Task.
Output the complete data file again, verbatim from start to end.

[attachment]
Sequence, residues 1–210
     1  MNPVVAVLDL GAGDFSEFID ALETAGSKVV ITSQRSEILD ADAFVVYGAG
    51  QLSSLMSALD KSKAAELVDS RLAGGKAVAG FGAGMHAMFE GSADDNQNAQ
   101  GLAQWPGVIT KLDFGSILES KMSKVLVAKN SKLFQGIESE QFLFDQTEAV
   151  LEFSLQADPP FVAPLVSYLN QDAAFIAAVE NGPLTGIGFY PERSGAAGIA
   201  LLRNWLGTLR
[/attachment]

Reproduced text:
Sequence, residues 1–210
     1  MNPVVAVLDL GAGDFSEFID ALETAGSKVV ITSQRSEILD ADAFVVYGAG
    51  QLSSLMSALD KSKAAELVDS RLAGGKAVAG FGAGMHAMFE GSADDNQNAQ
   101  GLAQWPGVIT KLDFGSILES KMSKVLVAKN SKLFQGIESE QFLFDQTEAV
   151  LEFSLQADPP FVAPLVSYLN QDAAFIAAVE NGPLTGIGFY PERSGAAGIA
   201  LLRNWLGTLR